Eric Sweet used to be a pilot, hauling cargo and flying corporate jets. Then he tried his hand at real estate. Now, through his Sacramento-based startup, Robotics Evolution, he’s focused on educating youth on robotics by offering special arenas where their robots can compete in various competitions.
Robotics today blends programming, electrical engineering and mechanical engineering, Sweet says. In schools, robotics programs may teach logistics and design, but Sweet wanted to provide a space where young hobbyists could continue to learn about and play with robots in arenas beyond the classroom setting. Tinkering with robots, he believes, is a key component in building skills for manufacturing and technical jobs.
“Playing with walking robots will not teach a child to weld, [but] it may spark an interest in building things,” he says. “Introduce the idea that making things, fixing things and designing things is something that they can do. They might then enroll in classes to focus on the things they would need for a trade.”
The arenas he makes — from 8 by 8-foot city mazes and soccer fields to combat cubes — give spaces for users to experiment with their robots in different ways. In soccer games, kids can play with skittering robots (which are fast, but hard to control) or biped robots (which are slow and have to balance to kick the ball). In boxing events, robots duke it out to knock the other down, in a best two-out-of-three match. Robot races are coming soon, where the first to hit various objectives and cross the finish line wins. As the startup evolves, Sweet says he plans to build an indoor drone course that will give drone pilots a place a build and practice.
“The workplace is changing and how some jobs are done in the future may be different,” he says. “We are working to develop interest in technical careers like manufacturing. Computer aided design, basic circuits and mechanics is a good starting point.”
Sweet references a few manufactures in the region working to create pathways in education to equip students for the technical jobs of tomorrow, such as Siemens Mobility, Schillings Robotics, Tri Tool and J.L. Haley. These companies have helped him better understand the needs of the industry and how educators are working to meet those needs, he says. He highlights the need for machinists, welders and other skilled trade jobs that pay well, which students might want to do if they had more exposure.
In December 2015, Sweet bought a 3D printer and built his first programmable walking robot. Soon after, Sweet got linked into the combat robotics community. At the 2016 Rocklin Mini Maker Faire, a family-friendly festival that showcases innovation and invention, Sweet says he was inspired by notable robot builders. In recent years, robot combat shows that aired in the late 1990s and early 2000s have experienced a revival in the U.S., China, Australia and the U.K. In shows such as ABC’s “BattleBots” and the BBC’s “Robot Wars”, competitors design and operate remote-controlled machines to fight against each other. “Many kids are anxious to build their own,” Sweet says.”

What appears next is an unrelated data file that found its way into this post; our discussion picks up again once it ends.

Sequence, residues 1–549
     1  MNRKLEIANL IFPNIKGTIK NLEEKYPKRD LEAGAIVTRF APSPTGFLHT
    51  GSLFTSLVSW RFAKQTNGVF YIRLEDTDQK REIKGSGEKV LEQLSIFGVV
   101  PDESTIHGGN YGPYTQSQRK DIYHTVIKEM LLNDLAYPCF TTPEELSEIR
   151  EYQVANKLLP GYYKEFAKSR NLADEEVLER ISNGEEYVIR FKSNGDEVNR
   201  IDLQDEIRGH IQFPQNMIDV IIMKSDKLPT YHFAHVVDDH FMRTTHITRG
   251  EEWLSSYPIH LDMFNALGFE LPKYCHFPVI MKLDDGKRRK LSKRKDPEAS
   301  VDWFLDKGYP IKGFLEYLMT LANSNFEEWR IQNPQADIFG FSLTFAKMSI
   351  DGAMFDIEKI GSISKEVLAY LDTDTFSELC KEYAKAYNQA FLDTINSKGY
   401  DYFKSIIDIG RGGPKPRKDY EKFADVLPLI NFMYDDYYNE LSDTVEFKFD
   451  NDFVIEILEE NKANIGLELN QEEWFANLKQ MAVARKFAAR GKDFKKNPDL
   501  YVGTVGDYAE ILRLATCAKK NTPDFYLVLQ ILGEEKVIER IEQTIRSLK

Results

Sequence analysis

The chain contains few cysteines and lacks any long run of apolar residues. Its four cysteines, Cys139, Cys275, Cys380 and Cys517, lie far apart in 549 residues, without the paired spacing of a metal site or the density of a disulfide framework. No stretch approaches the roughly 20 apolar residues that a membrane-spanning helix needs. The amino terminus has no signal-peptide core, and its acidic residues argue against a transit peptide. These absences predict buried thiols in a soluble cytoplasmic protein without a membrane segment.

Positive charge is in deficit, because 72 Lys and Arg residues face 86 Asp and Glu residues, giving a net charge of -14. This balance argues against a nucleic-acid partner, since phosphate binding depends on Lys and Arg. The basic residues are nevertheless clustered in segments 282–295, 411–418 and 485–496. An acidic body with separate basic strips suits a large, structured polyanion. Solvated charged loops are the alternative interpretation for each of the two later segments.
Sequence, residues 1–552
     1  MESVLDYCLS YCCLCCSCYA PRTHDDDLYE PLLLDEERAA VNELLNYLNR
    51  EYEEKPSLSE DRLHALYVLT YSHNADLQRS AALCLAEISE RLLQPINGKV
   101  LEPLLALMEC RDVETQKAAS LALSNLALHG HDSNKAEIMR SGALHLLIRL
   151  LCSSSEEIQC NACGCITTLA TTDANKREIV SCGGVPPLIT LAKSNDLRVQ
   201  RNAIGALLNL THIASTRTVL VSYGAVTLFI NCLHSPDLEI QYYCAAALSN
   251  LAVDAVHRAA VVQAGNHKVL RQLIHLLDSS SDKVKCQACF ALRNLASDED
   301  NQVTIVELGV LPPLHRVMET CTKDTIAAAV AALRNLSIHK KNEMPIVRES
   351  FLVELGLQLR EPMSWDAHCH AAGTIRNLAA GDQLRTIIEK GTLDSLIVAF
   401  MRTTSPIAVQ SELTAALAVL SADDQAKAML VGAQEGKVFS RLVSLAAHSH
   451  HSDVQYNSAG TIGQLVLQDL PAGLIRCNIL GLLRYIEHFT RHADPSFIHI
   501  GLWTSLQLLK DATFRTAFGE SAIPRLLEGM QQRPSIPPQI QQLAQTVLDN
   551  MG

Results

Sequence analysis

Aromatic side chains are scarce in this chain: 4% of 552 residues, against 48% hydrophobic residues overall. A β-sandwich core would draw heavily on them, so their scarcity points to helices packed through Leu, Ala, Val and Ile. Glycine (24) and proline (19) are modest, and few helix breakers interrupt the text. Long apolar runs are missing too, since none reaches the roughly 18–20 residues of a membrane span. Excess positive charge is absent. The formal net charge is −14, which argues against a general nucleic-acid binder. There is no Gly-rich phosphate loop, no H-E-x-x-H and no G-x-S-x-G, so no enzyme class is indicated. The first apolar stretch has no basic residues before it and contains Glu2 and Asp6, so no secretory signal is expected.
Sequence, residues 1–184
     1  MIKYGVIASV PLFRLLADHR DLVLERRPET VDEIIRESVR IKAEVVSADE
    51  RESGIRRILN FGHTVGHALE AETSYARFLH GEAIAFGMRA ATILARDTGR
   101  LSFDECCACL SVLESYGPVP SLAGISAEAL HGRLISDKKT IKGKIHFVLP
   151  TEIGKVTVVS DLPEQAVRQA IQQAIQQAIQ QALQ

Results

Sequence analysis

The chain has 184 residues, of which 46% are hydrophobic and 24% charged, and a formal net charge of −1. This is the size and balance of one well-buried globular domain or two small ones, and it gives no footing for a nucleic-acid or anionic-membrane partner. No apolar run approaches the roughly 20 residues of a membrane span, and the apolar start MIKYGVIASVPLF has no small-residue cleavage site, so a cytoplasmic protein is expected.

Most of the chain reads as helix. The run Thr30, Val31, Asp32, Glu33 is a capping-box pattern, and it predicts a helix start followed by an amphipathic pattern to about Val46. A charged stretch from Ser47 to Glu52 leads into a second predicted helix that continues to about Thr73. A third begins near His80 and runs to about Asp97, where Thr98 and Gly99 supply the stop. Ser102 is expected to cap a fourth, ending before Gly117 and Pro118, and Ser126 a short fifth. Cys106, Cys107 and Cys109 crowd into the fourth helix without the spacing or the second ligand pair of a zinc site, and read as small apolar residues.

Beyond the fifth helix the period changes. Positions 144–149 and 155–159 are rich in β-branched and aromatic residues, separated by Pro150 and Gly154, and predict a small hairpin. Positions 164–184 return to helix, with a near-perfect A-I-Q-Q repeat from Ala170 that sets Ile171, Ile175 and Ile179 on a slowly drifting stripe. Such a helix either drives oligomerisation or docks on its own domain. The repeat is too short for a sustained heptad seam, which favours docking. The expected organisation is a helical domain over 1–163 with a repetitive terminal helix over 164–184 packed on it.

At first, Sweet had trouble defining the focus of the business. But his time at Startup Hustle, a local bootcamp for entrepreneurs, helped him identify the problem his idea could solve: missed educational opportunities for kids who want to learn robotics but don’t know what to do or where to go after they build a robot. In many cases, they are just left to sit on a shelf.
“He started building arenas where robots could fight, which is brilliant,” says Dan Casas-Murray, program director at Startup Hustle. “It’s a wonderful case study of what happens when you have passion, and how long it takes to get traction, and how being patient leads to revenue.”
After starting online sales of robots and robot parts in October 2018, Sweet says, the business had earned more than $21,000 in sales in two months, and now operates out of a 700-square-foot atrium on Folsom Boulevard. Currently, the space can accommodate 10 to 16 people for classes and parties. It costs $300 ($275 on weekdays) for birthday parties, where kids learn about the new technologies and can play with the robots. Clinics for groups, clubs or individuals can learn how to design and build a robot for $75 per person.
If would-be hobbyists want to buy parts for a robot to build themselves, Sweet can help them with the design, print parts off thingiverse.com or design it with cardboard and make it out of sheet metal. The startup, which he says now runs on sales, was a finalist in the 2018 Making Your Mark competition put on by the Power Inn Alliance.
“We are a makerspace focused on robotics,” Sweet says. “The 3D printers, laser cutter, break press and other tools provide the means to design custom parts for your robot. Our goal is to provide a space that people can come to on a drop-in basis.”
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